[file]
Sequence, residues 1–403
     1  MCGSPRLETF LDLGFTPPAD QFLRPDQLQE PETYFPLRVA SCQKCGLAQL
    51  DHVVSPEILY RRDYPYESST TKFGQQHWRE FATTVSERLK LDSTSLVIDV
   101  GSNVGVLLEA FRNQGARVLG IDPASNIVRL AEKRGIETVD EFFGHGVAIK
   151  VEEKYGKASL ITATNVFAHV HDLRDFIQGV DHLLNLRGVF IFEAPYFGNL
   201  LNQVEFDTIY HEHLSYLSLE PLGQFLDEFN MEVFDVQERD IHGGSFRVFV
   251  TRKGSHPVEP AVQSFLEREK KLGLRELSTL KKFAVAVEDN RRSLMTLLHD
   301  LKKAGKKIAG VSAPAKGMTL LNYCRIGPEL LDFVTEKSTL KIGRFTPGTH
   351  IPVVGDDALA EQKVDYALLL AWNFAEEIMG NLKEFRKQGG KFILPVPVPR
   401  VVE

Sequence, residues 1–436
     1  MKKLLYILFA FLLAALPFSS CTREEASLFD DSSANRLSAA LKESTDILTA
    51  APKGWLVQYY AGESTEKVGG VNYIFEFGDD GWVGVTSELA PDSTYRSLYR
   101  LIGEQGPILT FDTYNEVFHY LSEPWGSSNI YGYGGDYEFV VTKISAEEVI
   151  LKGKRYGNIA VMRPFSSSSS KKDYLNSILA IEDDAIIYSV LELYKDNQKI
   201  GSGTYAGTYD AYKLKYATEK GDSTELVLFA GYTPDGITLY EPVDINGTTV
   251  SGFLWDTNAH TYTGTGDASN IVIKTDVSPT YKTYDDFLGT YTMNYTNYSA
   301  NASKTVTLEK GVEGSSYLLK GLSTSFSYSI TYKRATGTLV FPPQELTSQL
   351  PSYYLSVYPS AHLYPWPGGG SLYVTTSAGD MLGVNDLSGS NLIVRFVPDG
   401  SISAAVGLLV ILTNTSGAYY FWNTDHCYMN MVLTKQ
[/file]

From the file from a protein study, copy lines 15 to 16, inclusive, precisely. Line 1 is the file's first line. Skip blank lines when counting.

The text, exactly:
   151  LKGKRYGNIA VMRPFSSSSS KKDYLNSILA IEDDAIIYSV LELYKDNQKI
   201  GSGTYAGTYD AYKLKYATEK GDSTELVLFA GYTPDGITLY EPVDINGTTV